The current coronavirus pandemic has resulted in a significant number of empty commercial premises.
Tenants should check their leases to identify whether:
- they are required to notify their landlord that the premises are empty
- they are required to comply with specific security measures
- the landlord must continue to provide services in the current climate
- there are financial consequences if they claim empty rates relief because the landlord loses out
- they have a break clause which could be exercised
Tenants and freehold owners should check their buildings insurance to ensure they are complying with the insurer’s requirements. If they do not do this, they risk invalidating future claims. Most policies require the insurer to be notified when premises become vacant. In addition, if a tenant does not comply with the terms of the insurance then they are likely to be in breach of the lease.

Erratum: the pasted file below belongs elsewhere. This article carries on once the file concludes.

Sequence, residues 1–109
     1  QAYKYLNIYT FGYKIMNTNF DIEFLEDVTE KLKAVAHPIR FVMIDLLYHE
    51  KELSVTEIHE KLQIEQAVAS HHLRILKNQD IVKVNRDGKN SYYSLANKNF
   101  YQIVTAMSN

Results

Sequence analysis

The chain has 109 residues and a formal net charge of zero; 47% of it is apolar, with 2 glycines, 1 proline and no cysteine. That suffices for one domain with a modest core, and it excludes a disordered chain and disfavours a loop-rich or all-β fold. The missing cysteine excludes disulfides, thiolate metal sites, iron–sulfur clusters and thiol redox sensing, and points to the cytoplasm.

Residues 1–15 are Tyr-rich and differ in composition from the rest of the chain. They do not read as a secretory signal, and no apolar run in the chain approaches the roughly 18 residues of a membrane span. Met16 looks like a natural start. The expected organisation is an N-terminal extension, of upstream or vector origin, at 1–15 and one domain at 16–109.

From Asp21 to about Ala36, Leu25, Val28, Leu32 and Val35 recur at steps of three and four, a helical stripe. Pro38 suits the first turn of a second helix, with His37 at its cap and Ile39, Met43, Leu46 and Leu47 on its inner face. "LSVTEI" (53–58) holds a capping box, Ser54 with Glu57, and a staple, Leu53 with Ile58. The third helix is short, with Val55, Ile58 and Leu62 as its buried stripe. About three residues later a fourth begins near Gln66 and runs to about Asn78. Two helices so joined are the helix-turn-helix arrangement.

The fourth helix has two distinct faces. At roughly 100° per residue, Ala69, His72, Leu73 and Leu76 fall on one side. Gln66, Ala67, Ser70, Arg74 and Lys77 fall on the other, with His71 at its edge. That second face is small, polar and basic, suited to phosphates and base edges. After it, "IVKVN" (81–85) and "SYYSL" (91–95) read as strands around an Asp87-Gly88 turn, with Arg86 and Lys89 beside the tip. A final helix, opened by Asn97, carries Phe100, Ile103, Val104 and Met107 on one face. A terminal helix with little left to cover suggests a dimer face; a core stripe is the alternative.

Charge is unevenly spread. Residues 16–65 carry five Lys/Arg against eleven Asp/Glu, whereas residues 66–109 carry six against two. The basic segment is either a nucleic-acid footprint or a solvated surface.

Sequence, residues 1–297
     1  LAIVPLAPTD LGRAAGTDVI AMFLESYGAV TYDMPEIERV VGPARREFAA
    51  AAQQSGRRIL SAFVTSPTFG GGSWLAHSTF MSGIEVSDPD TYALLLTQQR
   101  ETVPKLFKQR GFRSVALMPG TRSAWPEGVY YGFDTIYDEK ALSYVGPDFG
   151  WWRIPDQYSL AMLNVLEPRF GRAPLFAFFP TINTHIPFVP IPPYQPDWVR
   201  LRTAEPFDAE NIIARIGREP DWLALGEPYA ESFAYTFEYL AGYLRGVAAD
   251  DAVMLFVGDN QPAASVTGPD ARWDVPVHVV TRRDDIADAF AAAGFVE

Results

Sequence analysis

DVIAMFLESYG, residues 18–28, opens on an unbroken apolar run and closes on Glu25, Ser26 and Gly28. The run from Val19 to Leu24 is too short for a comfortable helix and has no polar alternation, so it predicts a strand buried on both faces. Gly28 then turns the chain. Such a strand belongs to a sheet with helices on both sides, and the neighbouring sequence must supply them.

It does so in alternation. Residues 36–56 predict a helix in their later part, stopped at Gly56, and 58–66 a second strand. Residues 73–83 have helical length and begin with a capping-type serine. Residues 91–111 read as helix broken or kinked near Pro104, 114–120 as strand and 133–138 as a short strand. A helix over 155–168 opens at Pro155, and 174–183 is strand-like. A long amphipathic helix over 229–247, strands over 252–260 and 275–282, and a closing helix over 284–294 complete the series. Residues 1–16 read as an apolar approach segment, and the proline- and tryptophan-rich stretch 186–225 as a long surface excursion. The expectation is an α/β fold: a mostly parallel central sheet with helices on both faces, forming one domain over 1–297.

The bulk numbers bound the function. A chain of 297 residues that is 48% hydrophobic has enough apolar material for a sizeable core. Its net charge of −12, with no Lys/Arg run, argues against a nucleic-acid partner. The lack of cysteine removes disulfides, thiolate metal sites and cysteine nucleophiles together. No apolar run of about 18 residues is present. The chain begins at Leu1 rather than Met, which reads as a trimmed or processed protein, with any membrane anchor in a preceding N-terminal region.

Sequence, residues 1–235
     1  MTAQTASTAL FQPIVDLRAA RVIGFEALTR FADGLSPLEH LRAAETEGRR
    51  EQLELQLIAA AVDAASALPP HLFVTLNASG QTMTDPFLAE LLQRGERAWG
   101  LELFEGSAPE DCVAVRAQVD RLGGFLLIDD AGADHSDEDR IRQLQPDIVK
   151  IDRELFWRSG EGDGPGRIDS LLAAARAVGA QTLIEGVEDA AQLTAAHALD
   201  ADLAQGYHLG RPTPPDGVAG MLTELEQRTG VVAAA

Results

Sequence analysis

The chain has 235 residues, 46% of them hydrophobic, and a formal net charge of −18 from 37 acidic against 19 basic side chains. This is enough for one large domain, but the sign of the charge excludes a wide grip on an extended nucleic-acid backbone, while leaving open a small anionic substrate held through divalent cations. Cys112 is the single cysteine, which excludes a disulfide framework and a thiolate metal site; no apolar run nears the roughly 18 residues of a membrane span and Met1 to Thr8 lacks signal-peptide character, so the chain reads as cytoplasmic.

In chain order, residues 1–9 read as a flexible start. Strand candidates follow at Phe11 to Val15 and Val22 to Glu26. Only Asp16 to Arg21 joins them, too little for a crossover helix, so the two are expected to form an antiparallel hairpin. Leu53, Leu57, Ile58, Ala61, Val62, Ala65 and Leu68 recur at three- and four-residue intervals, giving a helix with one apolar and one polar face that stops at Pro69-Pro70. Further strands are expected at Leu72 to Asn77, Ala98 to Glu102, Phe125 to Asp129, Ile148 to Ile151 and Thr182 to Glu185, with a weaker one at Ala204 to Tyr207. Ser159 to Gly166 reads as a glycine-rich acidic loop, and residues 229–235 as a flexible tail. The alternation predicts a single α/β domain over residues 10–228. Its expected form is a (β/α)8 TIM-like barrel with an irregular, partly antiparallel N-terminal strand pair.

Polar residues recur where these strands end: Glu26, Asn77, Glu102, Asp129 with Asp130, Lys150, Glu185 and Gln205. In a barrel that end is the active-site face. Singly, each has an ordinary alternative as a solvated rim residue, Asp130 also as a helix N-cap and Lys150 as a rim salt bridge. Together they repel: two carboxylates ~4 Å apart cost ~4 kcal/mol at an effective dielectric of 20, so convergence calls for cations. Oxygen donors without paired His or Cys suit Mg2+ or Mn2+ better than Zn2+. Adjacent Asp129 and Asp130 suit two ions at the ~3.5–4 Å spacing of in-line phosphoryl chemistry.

Empty premises carry a significant risk of malicious damage, squatters, structural damage and water leaks. Practical steps which could help to protect the premises include:
- checking working security alarms,
- securing windows and doors,
- disconnecting utilities, and
- visiting the premises when circumstances allow to limit damage as much as possible.
Premises which incorporate open land are exposed to the accrual of third party rights by members of the public. Tenants and freehold owners should consider security fencing and signs which make clear that the land is private.
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